President Al Gore, strongly supports the use of affirmative action to promote diversity on
The champions of the two leading parties compete to see who can
discriminate most against Whites. Of course, this has nothing to do with the parlous state
of our country, which is purely a result of high taxes.
Specialists said the best preparation for college is a challenging high school curriculum.
Class rank, on the other hand, can be deceptive when students attend low-performing
But the debate over Texas's law, which Bush had modest involvement with until he signed it,
has centered more on the problems with affirmative action than the right standards for
getting into college. Officials in some states pan it as a narrow and simplistic
replacement for preferences.
Washington state officials weighed a policy similar to Texas's after voters banned
affirmative action in 1998. At the University of Washington, black and Hispanic freshmen
enrollments plummeted by more than 30 percent after the ban took effect. More black
freshmen are expected this fall, but Hispanic numbers are expected to decline again, to 106
out of about 4,900 freshmen. In 1998, 196 out of 4,200 were Hispanic.
But John Swiney, the university's associate director of admissions, said most Washington
schools are too integrated for class rank to increase diversity. He added that the policy
lacks the nuance needed to draw students with a range of abilities and experiences.
''When we read students' essays, it gives us a much better insight into the qualities of
the individual beyond the numbers,' Swiney said. ''Not all students come from a level
playing field, and there are many barriers on the road to academic success.''
Translation: When we read their essays we can see how stupid and colored they are
(especially if they include a picture), and those are the ones we admit.
Officials at the University of Michigan, whose affirmative action policy is being
challenged in federal court, said they also have decided against Texas's policy.
''It's one-dimensional, and we want to consider the whole person when making admissions
decisions,'' said Liz Barry, an associate vice president at the university.
Why? You are a university. For scholarship. What has that got to
do with whether someone's an expert swimmer or auto mechanic, or makes really tasty
A proposal to admit the top 15 percent to Pennsylvania colleges was on a fast track earlier
this year, but has been put off until winter, officials said. According to an analysis at
Harvard, about 46 percent of black students and 26 percent of Hispanics are in largely
segregated high schools in Pennsylvania, suggesting a Texas style policy could boost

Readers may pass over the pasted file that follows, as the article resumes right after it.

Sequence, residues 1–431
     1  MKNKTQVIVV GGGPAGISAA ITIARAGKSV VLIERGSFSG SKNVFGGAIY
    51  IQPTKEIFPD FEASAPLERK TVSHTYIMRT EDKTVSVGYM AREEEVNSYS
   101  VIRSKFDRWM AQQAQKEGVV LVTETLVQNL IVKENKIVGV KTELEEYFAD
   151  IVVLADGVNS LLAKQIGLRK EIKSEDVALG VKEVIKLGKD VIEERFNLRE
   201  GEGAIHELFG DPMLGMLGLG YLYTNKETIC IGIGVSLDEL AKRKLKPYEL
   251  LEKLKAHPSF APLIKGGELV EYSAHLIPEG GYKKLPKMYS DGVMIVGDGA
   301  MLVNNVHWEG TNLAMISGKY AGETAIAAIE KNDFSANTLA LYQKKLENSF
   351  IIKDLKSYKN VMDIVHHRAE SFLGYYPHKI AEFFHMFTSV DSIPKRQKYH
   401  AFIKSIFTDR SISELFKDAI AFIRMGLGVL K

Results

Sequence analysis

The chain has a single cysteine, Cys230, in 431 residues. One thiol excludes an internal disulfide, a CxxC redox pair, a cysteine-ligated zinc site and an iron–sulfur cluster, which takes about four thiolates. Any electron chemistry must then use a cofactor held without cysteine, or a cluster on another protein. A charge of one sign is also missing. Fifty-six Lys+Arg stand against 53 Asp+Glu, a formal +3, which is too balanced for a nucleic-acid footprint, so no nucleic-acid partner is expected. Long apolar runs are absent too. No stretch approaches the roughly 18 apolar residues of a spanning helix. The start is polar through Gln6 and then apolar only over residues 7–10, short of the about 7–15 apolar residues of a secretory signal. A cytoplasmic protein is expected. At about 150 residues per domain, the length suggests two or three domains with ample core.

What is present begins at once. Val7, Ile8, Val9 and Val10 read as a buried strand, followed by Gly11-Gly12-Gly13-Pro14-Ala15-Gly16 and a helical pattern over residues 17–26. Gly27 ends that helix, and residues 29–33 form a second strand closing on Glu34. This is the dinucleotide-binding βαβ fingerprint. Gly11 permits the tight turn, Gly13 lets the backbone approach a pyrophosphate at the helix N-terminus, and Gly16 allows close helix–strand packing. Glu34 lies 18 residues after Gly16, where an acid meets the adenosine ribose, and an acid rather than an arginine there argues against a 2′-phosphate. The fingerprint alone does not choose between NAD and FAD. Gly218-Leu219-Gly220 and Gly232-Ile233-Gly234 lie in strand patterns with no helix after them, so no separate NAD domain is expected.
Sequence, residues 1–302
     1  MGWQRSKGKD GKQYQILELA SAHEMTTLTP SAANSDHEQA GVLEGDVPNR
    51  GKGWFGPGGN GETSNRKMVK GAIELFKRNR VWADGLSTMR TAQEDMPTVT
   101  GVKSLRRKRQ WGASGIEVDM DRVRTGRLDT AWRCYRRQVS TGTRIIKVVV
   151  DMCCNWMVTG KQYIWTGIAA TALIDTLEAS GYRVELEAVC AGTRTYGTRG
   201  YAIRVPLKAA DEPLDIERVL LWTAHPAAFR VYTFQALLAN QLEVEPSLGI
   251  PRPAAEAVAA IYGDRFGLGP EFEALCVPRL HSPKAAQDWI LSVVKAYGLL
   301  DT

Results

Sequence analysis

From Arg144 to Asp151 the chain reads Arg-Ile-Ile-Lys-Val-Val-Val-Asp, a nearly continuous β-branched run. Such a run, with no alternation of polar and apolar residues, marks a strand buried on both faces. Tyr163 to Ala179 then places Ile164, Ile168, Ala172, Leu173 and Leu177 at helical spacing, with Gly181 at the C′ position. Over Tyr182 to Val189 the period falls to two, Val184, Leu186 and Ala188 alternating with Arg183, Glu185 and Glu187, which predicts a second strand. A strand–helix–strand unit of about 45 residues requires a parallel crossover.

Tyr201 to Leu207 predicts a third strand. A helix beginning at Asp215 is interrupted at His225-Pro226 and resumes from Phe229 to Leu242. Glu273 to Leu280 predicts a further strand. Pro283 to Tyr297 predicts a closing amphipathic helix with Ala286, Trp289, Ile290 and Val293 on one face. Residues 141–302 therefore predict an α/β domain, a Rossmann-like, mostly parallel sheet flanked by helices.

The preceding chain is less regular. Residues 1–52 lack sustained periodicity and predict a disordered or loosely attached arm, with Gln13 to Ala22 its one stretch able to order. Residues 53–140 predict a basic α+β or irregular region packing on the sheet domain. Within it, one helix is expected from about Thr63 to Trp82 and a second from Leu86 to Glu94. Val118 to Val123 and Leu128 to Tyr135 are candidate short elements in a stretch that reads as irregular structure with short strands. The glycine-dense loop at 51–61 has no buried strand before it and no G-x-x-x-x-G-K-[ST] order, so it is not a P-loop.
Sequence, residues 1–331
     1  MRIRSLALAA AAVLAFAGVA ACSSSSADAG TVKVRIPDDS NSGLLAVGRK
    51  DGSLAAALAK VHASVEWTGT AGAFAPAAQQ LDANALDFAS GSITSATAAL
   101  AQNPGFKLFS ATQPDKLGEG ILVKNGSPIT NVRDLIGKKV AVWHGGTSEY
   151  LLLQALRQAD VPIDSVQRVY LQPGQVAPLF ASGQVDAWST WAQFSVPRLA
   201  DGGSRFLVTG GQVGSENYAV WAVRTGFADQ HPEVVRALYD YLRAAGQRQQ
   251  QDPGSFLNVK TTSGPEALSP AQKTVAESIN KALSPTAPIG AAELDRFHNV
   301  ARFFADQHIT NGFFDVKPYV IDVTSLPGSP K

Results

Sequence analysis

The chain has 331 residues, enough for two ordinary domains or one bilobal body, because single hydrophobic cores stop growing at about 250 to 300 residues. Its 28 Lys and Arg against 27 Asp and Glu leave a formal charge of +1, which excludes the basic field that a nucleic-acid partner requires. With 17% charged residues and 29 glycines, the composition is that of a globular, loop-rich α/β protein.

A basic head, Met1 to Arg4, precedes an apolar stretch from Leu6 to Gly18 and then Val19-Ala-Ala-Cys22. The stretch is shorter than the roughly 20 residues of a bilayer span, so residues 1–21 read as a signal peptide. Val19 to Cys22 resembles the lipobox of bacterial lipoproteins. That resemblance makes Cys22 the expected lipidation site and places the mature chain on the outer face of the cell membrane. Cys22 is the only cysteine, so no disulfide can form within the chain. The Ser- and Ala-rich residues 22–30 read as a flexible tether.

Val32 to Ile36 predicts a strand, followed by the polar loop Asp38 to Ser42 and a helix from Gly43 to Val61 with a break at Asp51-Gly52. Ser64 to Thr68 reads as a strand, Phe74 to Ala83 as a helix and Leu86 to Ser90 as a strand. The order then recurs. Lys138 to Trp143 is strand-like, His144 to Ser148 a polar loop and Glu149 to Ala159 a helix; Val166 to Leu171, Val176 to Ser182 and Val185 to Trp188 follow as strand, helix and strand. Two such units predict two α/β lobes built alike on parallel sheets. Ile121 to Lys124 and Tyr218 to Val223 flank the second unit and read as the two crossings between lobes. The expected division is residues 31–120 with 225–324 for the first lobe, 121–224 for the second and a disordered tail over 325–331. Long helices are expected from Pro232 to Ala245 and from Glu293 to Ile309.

Pennsylvania's governor, Tom Ridge, a Republican and a close ally of Bush, may push for the
plan, state officials say. But aides to Paul Cellucci, the governor of Massachusetts and a
Bush supporter, say the concept isn't on the drawing board for colleges in that state.
''There are a number of high schools in Massachusetts that frankly don't have class rank,''
said Michael Sentance, the governor's education adviser.
''Those that have high standards have done away with class rank. It may or may not be the
best way of looking at this issue.''
Sentance said a better alternative would be to recruit minority students more aggressively.
The governor, he hinted, might unveil such an initiative this fall.
At a time when schools nationwide are seeking to increase the number of their graduates
attending college, guidance counselors in Boston and Lawrence said Texas's policy would
help their students, but only if it were expanded to open access for the top 20 percent to
25 percent of high school classes and provided scholarships. California officials blanched
at such a large percentage, saying it would hurt academic quality.
Eileen M. Khoury, coordinator of guidance in Lawrence, said one problem is that schools
calculate class rank differently. Some give special weight to honors courses, for example.
''You could have a kid taking a weaker academic program being in the top part of your class,''
said Khoury, who also works in Lawrence High School, where most of the students are
But Penda D. Hair, a civil rights lawyer who used a Rockefeller Foundation grant to study
Texas's policy, said class rank reveals the workhorses who won't give up, even if they feel
unprepared at first for a university education.
''Percent plans like Texas's do a better job of giving you students who have grit, who have
determination, and who can succeed in the long run,'' Hair said.
There are so many problems at work here it's hardly worth it to sort
them out. Suffice it to say that in a civilized White society, with autonomous local- and
state-controlled high schools and colleges, none of this would be a problem. Yet another
downside to diversity. Yet even as this biased report shows, the majority votes against
preferences whenever it can, and that points us back to our biggest problem: Jewish
control of the media. Without it, the Jew-run groups suing states that pass referendums
banning preferences wouldn't be able to force the judges to thwart the will of the majority.
We've put up with Jewish control of the country for far too long, White man.